Crucially, Why So Serious? was nonlinear. Like hypertext—text that has embedded within it links to other texts, an essential feature of the Web—it could lead you along different paths. Links can carry you deeper and deeper into a story, revealing levels of detail that would be impossible to convey in a single, two-hour movie. Or they can take you into alternate story lines, showing what would happen if you, or the author, made different choices along the way.
Why So Serious? also assumed that the participants would be connected. The game wasn’t restricted to the Internet or to any other medium, but it certainly relied on the connective tissue of the Web. In a networked world, information doesn’t just travel from author to audience, or in a closed loop from author to audience and back again; it spreads all over the place, and more or less instantly. Fans can collaborate with each other, as they did in the search for the cake phones. This is what generates the hive mind, the spontaneous joint effort that transformed The Dark Knight into an experience anyone could take part in.
At the same time, Why So Serious? was a fusion of game and narrative. Conventional narratives—books, movies, TV shows—are emotionally engaging, but they involve us as spectators. Games are engaging in a different way. They put us at the center of the action: whatever’s going on is not just happening to a character on the page or an actor on the screen; it’s happening to us. Combine the emotional impact of stories with the first-person involvement of games and you can create an extremely powerful experience.
An immersive experience, you might say. And that immersiveness is what blurs the line, not just between story and game, but between story and marketing, storyteller and audience, illusion and reality.
For most of its 69 years, Batman existed as a series of comic books—printed artifacts that followed certain well-defined rules of narrative and graphic art. It stayed within the lines. You picked it up, you put it down. You could read it or not, but it would not read you. It wouldn’t bleed into your life. As a television series in the sixties, Batman remained very much, as they say, inside the box. When Tim Burton brought the story to movie theaters in 1989, it got larger than life, but it didn’t try to jump the screen. No longer.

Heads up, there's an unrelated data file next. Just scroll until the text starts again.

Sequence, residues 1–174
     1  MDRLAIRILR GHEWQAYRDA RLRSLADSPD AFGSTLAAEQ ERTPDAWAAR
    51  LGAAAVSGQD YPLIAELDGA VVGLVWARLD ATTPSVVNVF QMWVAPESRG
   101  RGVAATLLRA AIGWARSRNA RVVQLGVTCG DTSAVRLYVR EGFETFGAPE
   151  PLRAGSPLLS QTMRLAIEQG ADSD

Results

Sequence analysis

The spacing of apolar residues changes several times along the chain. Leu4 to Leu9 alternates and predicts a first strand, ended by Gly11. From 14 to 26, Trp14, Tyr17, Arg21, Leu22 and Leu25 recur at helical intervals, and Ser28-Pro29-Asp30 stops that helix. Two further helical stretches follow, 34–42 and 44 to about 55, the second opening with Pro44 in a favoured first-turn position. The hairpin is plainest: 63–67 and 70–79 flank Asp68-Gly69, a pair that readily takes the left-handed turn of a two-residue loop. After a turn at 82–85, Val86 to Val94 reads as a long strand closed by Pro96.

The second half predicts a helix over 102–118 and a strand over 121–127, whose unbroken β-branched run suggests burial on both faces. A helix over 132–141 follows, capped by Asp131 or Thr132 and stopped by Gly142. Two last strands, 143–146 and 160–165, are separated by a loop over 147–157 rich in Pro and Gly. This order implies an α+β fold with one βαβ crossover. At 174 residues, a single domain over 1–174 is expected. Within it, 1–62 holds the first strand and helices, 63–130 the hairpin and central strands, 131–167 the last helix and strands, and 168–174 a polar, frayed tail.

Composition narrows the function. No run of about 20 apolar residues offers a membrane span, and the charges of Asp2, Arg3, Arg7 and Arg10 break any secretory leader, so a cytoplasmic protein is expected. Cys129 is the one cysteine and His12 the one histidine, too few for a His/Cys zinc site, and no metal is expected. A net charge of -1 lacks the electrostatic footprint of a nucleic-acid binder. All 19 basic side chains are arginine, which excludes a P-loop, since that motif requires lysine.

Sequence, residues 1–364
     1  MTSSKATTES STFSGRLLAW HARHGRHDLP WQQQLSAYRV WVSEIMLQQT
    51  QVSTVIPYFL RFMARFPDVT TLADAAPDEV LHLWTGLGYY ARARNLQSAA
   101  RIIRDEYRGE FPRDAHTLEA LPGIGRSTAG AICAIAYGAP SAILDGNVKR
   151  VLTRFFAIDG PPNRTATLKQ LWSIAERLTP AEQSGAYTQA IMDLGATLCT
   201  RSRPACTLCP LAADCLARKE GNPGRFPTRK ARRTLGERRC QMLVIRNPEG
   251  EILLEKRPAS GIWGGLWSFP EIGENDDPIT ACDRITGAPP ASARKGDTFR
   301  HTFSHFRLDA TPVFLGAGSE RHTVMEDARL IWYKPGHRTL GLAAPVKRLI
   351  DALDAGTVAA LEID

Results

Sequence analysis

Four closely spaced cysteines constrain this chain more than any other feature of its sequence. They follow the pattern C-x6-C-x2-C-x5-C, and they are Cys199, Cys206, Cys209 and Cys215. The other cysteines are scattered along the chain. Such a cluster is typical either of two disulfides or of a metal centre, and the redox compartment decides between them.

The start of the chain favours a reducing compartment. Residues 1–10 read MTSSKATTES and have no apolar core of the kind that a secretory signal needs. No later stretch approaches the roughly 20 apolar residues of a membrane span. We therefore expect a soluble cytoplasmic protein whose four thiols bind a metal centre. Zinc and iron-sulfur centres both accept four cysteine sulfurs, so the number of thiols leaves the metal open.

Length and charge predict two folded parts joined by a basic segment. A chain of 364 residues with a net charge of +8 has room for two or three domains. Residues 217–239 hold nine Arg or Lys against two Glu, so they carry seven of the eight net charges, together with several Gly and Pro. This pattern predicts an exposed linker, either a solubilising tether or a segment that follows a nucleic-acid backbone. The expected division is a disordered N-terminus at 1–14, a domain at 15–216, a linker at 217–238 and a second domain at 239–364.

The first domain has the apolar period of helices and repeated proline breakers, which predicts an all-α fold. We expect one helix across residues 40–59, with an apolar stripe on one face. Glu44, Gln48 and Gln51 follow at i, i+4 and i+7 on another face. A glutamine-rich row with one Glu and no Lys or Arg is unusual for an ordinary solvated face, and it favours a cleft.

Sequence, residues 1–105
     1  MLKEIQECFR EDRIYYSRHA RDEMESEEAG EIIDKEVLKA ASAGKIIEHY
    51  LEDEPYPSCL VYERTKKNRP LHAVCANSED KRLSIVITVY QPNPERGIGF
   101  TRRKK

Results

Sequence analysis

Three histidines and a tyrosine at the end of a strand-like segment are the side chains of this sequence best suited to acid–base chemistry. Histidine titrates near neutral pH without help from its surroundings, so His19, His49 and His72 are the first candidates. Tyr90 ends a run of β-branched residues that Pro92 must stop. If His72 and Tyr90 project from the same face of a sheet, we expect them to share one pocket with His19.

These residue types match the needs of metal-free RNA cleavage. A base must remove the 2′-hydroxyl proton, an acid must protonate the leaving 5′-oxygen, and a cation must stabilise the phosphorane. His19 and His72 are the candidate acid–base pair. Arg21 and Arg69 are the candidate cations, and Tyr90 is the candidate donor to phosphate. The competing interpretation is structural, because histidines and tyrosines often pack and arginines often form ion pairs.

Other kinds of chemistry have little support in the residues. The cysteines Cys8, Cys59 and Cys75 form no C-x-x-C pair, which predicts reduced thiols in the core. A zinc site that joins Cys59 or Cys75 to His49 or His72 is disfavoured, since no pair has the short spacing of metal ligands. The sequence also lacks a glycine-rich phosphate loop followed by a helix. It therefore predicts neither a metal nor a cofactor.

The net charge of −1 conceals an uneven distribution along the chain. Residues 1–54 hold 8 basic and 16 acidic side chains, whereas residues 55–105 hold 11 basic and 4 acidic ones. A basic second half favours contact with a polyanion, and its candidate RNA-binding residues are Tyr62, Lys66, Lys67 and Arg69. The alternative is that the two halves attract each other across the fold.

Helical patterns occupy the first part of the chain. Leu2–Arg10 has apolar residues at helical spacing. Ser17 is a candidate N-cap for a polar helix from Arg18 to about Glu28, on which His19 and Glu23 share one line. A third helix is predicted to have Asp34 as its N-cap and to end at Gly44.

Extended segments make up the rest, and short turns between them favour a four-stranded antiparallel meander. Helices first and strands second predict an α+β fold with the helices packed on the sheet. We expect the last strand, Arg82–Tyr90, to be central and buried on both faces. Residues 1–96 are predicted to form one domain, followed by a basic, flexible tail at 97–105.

The forces that took Batman to new dimensions were at work long before most people experienced the Internet or even heard about it. They could be felt decades earlier at a summer camp deep in the north woods of Wisconsin. Jordan Weisman, a 14-year-old from the Chicago suburbs who would grow up to more or less invent the concept of alternate reality games, was back for his sixth summer—this time as a junior counselor. Camp Shewahmegon fronted on a remote and pristine lake, its thousand-foot shoreline dotted with sugar maples, yellow birches, white pines, and balsam firs. But for Jordan the fun started after dark, when the little kids were asleep and the older ones had the evening to themselves. That’s when the camp’s senior counselor brought out a new game he’d just discovered in college. The game was Dungeons & Dragons. The year was 1974.
When he was in second grade, Jordan had been diagnosed as severely dyslexic. In a way, he was lucky. Dyslexia had been identified by European physicians in the late nineteenth century, but American schoolteachers had only recently been introduced to the idea that otherwise normal kids might be unable to read because their brains couldn’t process words and letters properly. Jordan’s teacher had just attended a seminar on the disorder, and a nearby teachers’ college was one of the few places in the country that tested for it. Since then, years of daily tutoring had given Jordan a way to cope, but reading was still difficult—so difficult he found it almost physically painful.
Dungeons & Dragons gave him a different kind of story—one he could act out instead of having to read. The first commercial example of what would become a long line of fantasy role-playing games, D&D provided an elaborate set of rules that guided players through an imaginary adventure as they sat around a table together. Each player got to pick a character with certain characteristics (human or elf, fighter or wizard) and abilities. The game started with the lead player, the “Dungeon Master,” describing the setting and the plot to all the others. As the game progressed, the Dungeon Master determined the outcome of the players’ actions, often with a roll of the dice. For those few hours, they weren’t a bunch of knock-kneed mall rats in a cabin in the woods; they were axe-wielding warriors fighting goblins and orcs. The images that played out in Jordan’s head during these sessions were so vivid, and the socialization with the other boys so intense, that decades later he remembered thinking, Wow—my life is going to be changed.